A flurry of expansion ensued. The University of Newark (now Rutgers–Newark) joined Rutgers in 1946, followed by the College of South Jersey (now Rutgers–Camden) in 1950. An ambitious building program added libraries, classrooms, and student housing across the three regional campuses. In 1969, Livingston College opened, providing a coeducational residential experience with a special commitment to diversity. Graduate education in the arts and sciences grew through the establishment of the Graduate School–New Brunswick, the Graduate School–Newark, and the Graduate School–Camden. Professional schools were formed to serve students in the fields of business; communication, information, and library studies; criminal justice; education; fine arts; law; management and labor relations; nursing; planning and public policy; psychology; public affairs and administration; and social work. Meanwhile, as industry and government sought partners in solving problems and advancing knowledge, the concept of the research university emerged.
Major Public Research University
In 1981, Rutgers adopted a blueprint for its transformation into a major public research university. With increased support from state, federal, and corporate partners, Rutgers’ strength in research grew dramatically. In 1989, in recognition of its enhanced stature, Rutgers was invited to join the prestigious Association of American Universities, an organization comprising the top 62 research universities in North America. Today, professors and students work in more than 180 specialized research centers, unraveling mysteries in marine sciences, early childhood education, neuroscience, advanced materials, climate change, nutrition, homeland security, transportation, stem cells, and many other areas that can improve life both in New Jersey and around the world.
A 2007 major reorganization of undergraduate education in New Brunswick reinvigorated the undergraduate experience for both students and faculty by combining the traditions and strengths of four undergraduate liberal arts colleges—Douglass, Livingston, Rutgers, and University—into a single School of Arts and Sciences.
With 27 schools and colleges, Rutgers offers over 100 undergraduate majors and more than 100 graduate and professional degree programs. The university graduates more than 10,000 students each year, and has more than 350,000 living alumni residing in all 50 states and on six continents. Rutgers also sponsors community initiatives in all 21 New Jersey counties. Universitywide, new degree programs, research endeavors, and community outreach are in development to meet the demands of the 21st century.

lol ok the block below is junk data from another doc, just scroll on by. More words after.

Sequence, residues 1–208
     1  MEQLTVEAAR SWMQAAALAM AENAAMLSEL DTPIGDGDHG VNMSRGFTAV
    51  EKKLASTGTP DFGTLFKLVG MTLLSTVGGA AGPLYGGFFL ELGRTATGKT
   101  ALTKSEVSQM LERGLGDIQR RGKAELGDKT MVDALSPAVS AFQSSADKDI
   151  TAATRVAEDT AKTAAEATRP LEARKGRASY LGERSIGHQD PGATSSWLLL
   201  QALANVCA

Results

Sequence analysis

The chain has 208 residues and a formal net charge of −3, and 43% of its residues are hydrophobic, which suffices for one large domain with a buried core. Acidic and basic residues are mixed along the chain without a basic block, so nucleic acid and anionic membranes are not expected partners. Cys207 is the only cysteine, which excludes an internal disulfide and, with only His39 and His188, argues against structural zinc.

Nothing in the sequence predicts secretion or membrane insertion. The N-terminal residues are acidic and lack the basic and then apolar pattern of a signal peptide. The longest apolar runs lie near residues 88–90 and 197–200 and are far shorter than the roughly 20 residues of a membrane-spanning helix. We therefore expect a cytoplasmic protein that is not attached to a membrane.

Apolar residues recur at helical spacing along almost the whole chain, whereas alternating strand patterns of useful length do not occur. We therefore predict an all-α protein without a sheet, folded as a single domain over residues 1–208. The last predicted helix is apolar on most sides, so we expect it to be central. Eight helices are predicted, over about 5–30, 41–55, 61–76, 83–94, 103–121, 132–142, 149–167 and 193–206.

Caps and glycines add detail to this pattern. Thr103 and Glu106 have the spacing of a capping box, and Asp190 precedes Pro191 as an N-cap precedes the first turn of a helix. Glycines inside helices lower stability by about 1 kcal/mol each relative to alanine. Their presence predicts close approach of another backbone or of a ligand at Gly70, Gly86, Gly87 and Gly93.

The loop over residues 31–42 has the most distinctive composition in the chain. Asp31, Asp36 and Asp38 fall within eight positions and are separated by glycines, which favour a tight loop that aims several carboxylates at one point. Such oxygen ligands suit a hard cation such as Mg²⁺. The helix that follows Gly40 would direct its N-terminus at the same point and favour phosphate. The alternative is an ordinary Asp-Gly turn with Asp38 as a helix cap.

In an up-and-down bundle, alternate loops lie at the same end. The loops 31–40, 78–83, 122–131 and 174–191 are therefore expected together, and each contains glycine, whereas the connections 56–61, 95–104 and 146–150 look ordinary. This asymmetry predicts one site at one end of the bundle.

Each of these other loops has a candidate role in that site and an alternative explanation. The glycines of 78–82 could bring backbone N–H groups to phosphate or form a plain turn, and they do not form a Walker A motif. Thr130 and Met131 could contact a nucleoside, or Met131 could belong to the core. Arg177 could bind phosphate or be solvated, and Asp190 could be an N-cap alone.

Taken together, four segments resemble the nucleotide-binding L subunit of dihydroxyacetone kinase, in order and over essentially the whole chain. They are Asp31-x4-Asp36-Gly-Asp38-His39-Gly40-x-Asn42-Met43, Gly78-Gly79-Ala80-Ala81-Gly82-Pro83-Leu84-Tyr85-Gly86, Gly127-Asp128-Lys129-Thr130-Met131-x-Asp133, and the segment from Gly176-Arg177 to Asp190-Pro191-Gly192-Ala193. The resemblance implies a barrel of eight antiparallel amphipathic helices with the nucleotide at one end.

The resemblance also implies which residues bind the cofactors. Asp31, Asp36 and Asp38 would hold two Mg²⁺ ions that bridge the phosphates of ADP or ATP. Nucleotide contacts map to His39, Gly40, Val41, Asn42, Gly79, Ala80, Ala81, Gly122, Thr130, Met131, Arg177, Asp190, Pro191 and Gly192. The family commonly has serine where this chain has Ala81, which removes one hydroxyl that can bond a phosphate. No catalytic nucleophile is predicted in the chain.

Colleges and Schools
Camden College of Arts and Sciences
School of Business–Camden
School of Law–Camden
Newark College of Arts and Sciences
College of Nursing
Rutgers Business School–Newark and New Brunswick
School of Criminal Justice
School of Law–Newark
School of Public Affairs and Administration
New Brunswick/Piscataway Campus
School of Arts and Sciences
School of Environmental and Biological Sciences
College of Nursing
Edward J. Bloustein School of Planning and Public Policy
Ernest Mario School of Pharmacy
Graduate School–New Brunswick
Graduate School of Applied and Professional Psychology
Graduate School of Education
Mason Gross School of the Arts
Rutgers Business School–Newark and New Brunswick
School of Communication, Information and Library Studies
School of Engineering
School of Management and Labor Relations
School of Social Work
Rutgers, The State University of New Jersey ranked 177th in the 2007 THES-QS World University Ranking
Rutgers, The State University of New Jersey ranked 151st in the 2008 THES-QS World University Ranking
Rutgers, The State University of New Jersey ranked 183rd in the 2009 THES-QS World University Ranking